Article abstract: Mountain lions (Puma concolor, puma, cougars) are top carnivores and important ecological regulators that roam widely throughout the San Diego County landscape. Puma concolor is a named species in regional conservation plans. Because of the extensive areas required by each mountain lion, multiple Natural Conservation Community Planning (NCCP) areas are often utilized by a single individual. Thus, connectivity within and between NCCPs is important for long-term health and persistence of mountain lions in the landscape, and proper NCCP function. In addition to the currently approved NCCP areas in Southern California, San Diego County is in advanced stages of preparing a conservation preserve design for its North County Multiple Species Conservation Program (NCMSCP). This research project uniquely combined camera, GPS-collar, and mortality data with state of the art genetic analyses and modeling, and an expert workshop, to produce the most comprehensive assessment to date of mountain lion habitat use and connectivity within, and adjacent to, the NCMSCP area. This study uniquely combined camera, GPS location, and mortality data from mountain lions in the region, with state of the art genetic analyses, advanced habitat and movement modeling, and expert opinion to provide as complete an assessment as has been done to date of the factors that affect mountain lion persistence in the NCMSCP and surrounding NCCP areas. The research team’s focus was to provide key information about mountain lion movement and wildlife connectivity that is currently lacking at puma-specific scales in the NCMSCP and adjacent NCCP areas in order to assist in prioritization of habitat for conservation of this species and others. The team also focused on informing highway planners about best locations for wildlife crossing improvements for highways in the area.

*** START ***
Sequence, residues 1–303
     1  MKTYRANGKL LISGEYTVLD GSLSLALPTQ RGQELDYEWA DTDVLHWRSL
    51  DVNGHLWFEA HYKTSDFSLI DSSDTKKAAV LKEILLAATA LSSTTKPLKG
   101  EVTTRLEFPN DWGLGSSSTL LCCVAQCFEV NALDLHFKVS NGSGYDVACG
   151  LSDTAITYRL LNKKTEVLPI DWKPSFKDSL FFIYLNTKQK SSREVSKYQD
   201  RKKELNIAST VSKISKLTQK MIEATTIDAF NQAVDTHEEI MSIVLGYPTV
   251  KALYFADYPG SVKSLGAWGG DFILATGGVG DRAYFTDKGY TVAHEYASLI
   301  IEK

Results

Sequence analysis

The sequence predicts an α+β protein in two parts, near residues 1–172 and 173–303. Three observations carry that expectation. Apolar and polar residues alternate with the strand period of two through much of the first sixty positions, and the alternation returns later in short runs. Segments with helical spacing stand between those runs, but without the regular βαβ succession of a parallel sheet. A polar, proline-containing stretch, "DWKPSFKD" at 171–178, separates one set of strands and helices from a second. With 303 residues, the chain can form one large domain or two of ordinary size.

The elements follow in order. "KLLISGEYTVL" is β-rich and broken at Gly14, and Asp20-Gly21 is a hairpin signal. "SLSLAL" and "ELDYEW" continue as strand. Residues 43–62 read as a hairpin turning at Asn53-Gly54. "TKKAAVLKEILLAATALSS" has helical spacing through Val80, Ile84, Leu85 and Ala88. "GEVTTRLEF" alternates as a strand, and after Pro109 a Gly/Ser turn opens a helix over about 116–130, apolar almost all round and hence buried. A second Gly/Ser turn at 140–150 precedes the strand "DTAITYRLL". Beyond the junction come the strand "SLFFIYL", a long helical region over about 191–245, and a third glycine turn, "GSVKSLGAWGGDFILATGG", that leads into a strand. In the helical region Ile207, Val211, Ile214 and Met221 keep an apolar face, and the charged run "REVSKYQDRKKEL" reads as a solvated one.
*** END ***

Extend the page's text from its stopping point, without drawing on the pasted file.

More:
Number of pages: 108
Prepared by: Boyce, Walter; Ernest, Holly; Gustafson, Kyle; Vickers, Winston; Zeller, Kathy;
Keywords: corridors; genetic studies; mountain lion;
Species: Mountain lion